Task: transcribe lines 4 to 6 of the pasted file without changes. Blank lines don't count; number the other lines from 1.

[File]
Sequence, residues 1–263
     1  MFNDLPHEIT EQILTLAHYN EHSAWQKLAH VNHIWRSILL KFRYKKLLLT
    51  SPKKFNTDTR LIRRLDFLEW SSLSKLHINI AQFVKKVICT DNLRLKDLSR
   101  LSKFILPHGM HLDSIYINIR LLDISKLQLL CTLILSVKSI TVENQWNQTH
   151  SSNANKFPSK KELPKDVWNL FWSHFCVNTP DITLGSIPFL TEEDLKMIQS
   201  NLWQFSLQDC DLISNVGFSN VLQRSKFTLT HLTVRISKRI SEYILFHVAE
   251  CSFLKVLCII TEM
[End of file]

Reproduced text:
   101  LSKFILPHGM HLDSIYINIR LLDISKLQLL CTLILSVKSI TVENQWNQTH
   151  SSNANKFPSK KELPKDVWNL FWSHFCVNTP DITLGSIPFL TEEDLKMIQS
   201  NLWQFSLQDC DLISNVGFSN VLQRSKFTLT HLTVRISKRI SEYILFHVAE